"I know all sorts of swimming holes around here, places with waterfalls that fall into clear blue holes, but all the best ones are on private land—and no they're not growing weed, they're just regular ranchers. I'm sworn to secrecy. Nobody wants the word to get out because before you'd know it there'd be 80,000 people trespassing on their land. And nobody wants 80,000 strangers in their hole."

Yonder Beta: Callahan Emporium / 12511 California 3, Callahan, CA 96014 / 530-467-3395

  1. A Bar & quasi-Grocery occupying a building originally built in 1858 to house, incidentally/apparently, the first Wells Fargo in the area. []
  2. larger arteries like the Sacramento and Siskiyou Rivers as well as any number of smaller tributaries: Rail Creek, Rock Fence Creek, Kangaroo Creek, et cetera. []

Brief No. 025

Minor Religions of the Mt. Shasta Region

Project: Swimming Holes   Location: Kangaroo Lake, CA   Subject: Mt. Shasta's Spiritual Significance

Around a campfire at Kangaroo Lake with Mt. Shasta’s white peak dominating the horizon miles to the east1, David Marchi, owner-operator of Crow's Feet Commons in Bend, OR, and a native of Mt. Shasta, CA, explains a few details on the religions based upon legend regarding the mountain.2 What follows is a direct transcript of his elucidation. Photograph by Daniel Wakefield Pasley.

The Lemurians are descendants from the lost land of Lemuria. There was Pangaea,3 and after it broke up part of it went missing— according to those around here that’s the lost continent of Lemuria. The Lemurians are people that have descended from Japan who live inside Mt. Shasta. They use their ability to produce powerful, inaudible harmonics to dig tunnels through the mountain. From time to time the Lemurians come out of the mountain when a lenticular cloud forms around the peak.4 They come out and do whatever they do, maybe grab a couple of Animal-Style burgers at the Redding In N Out?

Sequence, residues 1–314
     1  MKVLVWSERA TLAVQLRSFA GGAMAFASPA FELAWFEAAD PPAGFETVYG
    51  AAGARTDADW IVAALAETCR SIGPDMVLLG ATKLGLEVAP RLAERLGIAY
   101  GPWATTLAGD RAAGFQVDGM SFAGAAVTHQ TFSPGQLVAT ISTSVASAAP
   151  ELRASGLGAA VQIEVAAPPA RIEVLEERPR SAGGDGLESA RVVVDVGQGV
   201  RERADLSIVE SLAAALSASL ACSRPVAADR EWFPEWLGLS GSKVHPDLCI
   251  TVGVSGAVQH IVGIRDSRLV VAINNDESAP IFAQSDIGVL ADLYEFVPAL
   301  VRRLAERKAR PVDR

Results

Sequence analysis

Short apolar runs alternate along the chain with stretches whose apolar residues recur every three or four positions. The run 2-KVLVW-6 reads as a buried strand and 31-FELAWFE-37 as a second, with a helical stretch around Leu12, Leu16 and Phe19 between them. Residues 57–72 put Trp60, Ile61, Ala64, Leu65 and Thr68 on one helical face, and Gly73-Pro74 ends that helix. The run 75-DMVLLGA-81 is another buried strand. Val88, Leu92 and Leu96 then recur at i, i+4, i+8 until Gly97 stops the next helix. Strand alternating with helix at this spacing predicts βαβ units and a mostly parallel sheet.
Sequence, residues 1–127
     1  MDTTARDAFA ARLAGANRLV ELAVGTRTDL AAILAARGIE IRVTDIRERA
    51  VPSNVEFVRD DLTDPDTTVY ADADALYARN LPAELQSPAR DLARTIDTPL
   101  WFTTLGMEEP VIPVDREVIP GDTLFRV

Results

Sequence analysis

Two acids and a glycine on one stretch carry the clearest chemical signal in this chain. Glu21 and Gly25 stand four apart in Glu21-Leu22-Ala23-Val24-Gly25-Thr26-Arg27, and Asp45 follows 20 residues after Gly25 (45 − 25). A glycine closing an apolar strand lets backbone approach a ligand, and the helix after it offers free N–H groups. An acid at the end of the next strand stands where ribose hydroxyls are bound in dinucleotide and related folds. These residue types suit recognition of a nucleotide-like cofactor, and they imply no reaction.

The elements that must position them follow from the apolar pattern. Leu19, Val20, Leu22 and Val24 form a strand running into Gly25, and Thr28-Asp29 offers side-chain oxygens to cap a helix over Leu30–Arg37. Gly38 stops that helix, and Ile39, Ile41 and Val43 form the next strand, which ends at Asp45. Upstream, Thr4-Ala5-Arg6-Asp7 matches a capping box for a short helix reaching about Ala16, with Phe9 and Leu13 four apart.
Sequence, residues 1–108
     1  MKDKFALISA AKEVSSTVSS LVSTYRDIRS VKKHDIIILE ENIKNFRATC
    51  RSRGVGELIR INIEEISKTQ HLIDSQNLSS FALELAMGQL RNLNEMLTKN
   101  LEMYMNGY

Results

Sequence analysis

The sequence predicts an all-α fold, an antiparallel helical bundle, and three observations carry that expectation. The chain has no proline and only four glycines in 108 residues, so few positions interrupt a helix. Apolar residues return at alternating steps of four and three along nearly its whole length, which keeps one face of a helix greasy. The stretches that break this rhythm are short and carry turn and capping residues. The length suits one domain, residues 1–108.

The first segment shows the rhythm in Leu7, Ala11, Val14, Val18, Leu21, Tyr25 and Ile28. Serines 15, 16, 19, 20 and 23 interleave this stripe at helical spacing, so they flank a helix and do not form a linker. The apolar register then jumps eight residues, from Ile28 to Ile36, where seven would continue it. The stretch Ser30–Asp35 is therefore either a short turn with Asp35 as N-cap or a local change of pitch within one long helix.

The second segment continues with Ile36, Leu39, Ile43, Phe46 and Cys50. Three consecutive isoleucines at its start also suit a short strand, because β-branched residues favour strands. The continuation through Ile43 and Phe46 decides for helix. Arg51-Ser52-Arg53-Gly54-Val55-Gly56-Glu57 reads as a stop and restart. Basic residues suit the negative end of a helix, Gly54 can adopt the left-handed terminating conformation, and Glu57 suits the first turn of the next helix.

Including the Lemurians, there are 9 unique religions based on the mountain.

There're also the Yoctavians who produce powerful harmonics, but with bells and instruments unlike the Lemurians who only use the power of their minds. The Lemurians are small and have a bubble on their forehead, created by the cosmic power of their brains. The Yoctavians are another people that live on the mountain; they're seven feet tall and wear long white flowing robes. They're the bellmakers, they have the harmonics but in a different way.

That's the hoofy-foofy stuff really, but there's also a Christian cult or religion kind of like Mormonism, in terms of development. There was a guy named John W. Ballard from Illinois. He was on the mountain around 9000 feet, dehydrated, it was like 1910, and he found a spring and met someone who said he was St. Germain. So St. Germain gave him golden scrolls—similar to Joseph Smith of Mormonism—that contained info on the coming of Christ. He went back to Illinois and started the St. Germain I AM foundation. People come back every August and pilgrimage to the site. They have a seven million dollar ampitheater they use for one weekend a year. Nobody in the religion wears black or brown or red; it's all simple, light colors. You see people all over town in August wearing nothing but white. They have something like 50,000 members.


Editor’s Note: At this point David and the rest of the Yonder Swimming Hole Expeditionary Force lapses into silence due in equal parts to the profound (and confusing) revelations about the mountain, its people, and the overwhelming waves of consciousness resulting from the potent mix of exhaustion, alcohol, and psilocybin.

Editor's Note II: Of the nine religions mentioned, YJ can confirm the existence of a number: the Lemurian Connection, the I AM/St. Germain Foundation, The Summit Lighthouse, Church Universal and Triumphant, Kryon and the Hearts Center—in addition to the number of Native American belief systems from the area. If you have any further information on legends or beliefs based on Mt. Shasta, please contact us.

  1. A Swimming Hole guide to Kangaroo Lake is forthcoming []
  2. Before providing this in depth account, please note that David has just finished a 235+ mile bicycle ride (A forthcoming Brovet, to be precise) and consumed a baker's dozen of cold beers accompanied by handful of wild mushrooms. []
  3. Before the seven continents we know today had their own identities, the landmass of Earth was all stuck together. []
  4. Many pictures of Mt. Shasta show a big lenticular cloud over the mountain. Usually they're created by super high winds, it's a vortexual cloud, and they look like big hats or a tall stack of pancakes. []